The CascoRosso is a fan-made concept and is in no way connected with the Ferrari brand. The use of Ferrari’s logo is purely for representational purposes.
Marking the 60th anniversary of his favorite car, the ’59 Corvette Stingray, Dejan Hristov’s put together a conceptual tribute to the 1959 vehicle designed by Pete Brock, Bill Mitchell, and Larry Shinoda, retaining elements of all previous Corvettes in an eclectic way, in order to fully preserve the DNA of the brand, while adding Hristov’s personal signature touch.
The 2019 Corvette Stingray concept comes with a much more defined and sinewy design language than its predecessor, with curved lines, highly elevated and sharp wheel hoods, and a sculpted hood that makes way for air-ducts to cool the car’s innards. Hristov sacrifices the rear windshield as a creative decision, but also proposes a rear-camera that beams footage to a screen on the car’s dashboard. On the inside, the Stingray Concept has an 8-cylinder engine, and is combined with a modern hybrid drive.
As a part of Hristov’s conceptual series, the Stingray concept comes in two variants, a Coupé and a Convertible (shown at the bottom), and retains the car’s frontal-engine setup, a detail that Chevrolet plans to deviate from with their own Stingray announcement a month from now.
With the demeanor of a more aggressive brand like Lamborghini (the Urus, specifically), the Jeep Ayastigi Trackhawk Coupe concept aims at giving the Jeep aesthetic a revival. The dual-colored setup, says designer Dejan Hristov, is reminiscent of Cherokee warrior armor, with the two colors symbolizing the color of the armor versus the color of the skin. (The name Ayastigi means Soldier in Cherokee too)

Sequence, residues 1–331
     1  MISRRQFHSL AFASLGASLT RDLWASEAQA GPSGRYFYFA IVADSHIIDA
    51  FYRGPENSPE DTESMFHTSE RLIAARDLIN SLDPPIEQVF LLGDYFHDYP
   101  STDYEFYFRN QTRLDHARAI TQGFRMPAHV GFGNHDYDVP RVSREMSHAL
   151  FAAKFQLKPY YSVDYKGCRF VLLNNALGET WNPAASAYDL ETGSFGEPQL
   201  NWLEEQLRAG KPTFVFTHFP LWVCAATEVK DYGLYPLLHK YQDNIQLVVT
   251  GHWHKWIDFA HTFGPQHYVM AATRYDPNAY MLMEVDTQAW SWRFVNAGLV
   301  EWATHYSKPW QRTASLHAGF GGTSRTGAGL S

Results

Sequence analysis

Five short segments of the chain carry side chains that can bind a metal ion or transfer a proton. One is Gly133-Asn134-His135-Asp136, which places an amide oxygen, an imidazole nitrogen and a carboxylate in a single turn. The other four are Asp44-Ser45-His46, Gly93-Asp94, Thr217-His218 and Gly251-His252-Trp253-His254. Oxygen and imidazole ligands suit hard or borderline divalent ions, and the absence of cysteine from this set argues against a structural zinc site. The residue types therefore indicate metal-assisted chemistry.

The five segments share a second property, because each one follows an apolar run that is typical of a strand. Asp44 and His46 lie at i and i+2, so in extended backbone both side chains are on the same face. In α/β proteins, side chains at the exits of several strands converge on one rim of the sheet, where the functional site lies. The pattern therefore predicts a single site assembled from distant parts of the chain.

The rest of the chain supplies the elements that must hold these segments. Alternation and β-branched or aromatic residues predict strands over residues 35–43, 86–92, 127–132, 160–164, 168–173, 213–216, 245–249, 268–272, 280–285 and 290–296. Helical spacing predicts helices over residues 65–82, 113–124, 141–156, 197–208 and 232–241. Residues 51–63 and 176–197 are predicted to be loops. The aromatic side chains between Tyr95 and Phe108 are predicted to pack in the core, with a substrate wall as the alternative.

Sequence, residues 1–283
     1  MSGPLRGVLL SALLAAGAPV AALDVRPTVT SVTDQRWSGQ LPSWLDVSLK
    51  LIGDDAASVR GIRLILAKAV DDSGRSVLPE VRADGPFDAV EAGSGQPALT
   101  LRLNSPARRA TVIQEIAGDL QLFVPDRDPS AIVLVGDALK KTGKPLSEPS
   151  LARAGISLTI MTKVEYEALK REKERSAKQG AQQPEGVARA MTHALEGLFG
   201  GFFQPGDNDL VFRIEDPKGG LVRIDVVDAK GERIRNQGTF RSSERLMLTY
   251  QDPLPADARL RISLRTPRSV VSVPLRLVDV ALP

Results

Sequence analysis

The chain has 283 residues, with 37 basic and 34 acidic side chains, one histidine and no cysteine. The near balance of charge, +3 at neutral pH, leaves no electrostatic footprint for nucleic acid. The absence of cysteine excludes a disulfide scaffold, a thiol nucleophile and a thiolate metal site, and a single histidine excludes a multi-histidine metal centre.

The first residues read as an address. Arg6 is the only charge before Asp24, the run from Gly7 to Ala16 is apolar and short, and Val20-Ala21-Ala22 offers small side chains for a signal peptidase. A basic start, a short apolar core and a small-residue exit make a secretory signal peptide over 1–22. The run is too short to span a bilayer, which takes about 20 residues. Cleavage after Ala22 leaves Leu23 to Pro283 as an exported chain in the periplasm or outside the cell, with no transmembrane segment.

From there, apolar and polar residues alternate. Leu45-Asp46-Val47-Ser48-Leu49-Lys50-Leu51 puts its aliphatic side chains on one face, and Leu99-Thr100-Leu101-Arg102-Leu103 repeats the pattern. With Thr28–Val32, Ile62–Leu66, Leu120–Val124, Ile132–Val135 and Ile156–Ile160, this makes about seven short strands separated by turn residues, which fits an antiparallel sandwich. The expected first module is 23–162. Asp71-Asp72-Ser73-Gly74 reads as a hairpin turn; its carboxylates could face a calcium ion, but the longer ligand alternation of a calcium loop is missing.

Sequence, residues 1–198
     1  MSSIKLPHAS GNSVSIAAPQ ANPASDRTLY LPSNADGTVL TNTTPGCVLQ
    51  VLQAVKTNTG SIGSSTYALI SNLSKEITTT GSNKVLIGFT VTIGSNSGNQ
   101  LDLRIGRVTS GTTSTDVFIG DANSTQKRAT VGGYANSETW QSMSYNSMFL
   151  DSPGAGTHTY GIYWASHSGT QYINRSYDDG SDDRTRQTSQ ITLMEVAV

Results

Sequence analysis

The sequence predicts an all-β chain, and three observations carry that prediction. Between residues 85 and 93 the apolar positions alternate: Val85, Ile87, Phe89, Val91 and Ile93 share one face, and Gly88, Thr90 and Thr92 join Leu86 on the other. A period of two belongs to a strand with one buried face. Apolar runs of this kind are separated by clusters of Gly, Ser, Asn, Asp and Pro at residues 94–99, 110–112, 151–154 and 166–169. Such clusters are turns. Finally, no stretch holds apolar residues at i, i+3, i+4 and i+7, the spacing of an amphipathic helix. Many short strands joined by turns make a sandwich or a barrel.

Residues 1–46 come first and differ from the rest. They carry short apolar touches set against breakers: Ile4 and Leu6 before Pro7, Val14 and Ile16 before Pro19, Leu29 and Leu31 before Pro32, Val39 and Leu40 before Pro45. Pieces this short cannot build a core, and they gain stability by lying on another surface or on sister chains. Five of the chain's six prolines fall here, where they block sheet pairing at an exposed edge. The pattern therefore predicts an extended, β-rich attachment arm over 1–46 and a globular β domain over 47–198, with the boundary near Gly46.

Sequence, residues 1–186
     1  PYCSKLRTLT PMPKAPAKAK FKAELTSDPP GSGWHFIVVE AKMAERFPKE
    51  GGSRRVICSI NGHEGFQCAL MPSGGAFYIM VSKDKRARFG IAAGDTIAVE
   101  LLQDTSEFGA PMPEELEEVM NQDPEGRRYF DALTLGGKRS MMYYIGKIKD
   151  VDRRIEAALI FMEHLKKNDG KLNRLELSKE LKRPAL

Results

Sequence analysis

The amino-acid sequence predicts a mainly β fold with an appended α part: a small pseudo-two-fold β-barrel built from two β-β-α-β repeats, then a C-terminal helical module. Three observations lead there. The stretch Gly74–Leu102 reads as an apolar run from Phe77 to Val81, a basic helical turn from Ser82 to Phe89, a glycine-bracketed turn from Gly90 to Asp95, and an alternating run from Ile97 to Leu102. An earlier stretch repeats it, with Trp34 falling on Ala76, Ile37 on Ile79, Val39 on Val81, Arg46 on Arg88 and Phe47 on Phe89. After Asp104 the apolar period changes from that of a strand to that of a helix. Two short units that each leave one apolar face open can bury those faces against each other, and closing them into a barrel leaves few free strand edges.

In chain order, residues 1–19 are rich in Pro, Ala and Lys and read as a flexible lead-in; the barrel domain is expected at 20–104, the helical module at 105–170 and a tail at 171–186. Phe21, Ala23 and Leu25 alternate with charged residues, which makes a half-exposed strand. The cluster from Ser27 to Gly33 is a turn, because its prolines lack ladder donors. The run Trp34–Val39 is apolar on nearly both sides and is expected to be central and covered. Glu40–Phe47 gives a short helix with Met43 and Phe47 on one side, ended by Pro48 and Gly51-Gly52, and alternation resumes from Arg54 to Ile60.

The Ayastigi is a big-class SUV Coupe, says Hristov, comparable to models like Lamborghini Urus or the Porsche Cayenne Coupe, and follows an aesthetic that would best be described as ‘in line with the Trackhawk or Cherokee’. It could exist with both electric and hybrid variants, although Hristov believes the best engine for the job is the Jeep Grand Cherokee Trackhawk’s petrol engine (707 hp, 6.2L SRT HEMI V8 Supercharged).
The car is designed to be sufficiently advanced, ditching the rear-view mirrors for cameras, visible as tiny fins on the base of the A pillar and the top of the B pillar, which almost give the Ayastigi a devilish demeanor, with tiny horns on its head. The Ayastigi also ditches the rear windshield and adds a pop-up cover which helps in providing the active downforce the car needs. The front bumper also opens up (with its lower half descending when needed) providing the aerodynamics needed for road-driving, and returns to its closed position for better off-road travel. Sufficiently advanced and audacious even for the Fiat Chrysler-owned American brand, the Ayastigi is a reimagined direction for Jeep, giving it the power, aggression, and the attitude it deserves!
Designer: Dejan Hristov
The Jeep Trackhawk Coupe is a conceptual piece of work and is in no way affiliated with the Jeep brand.
This article was sent to us using the ‘Submit A Design’ feature. We encourage designers/students/studios to send in their projects to be featured on Yanko Design!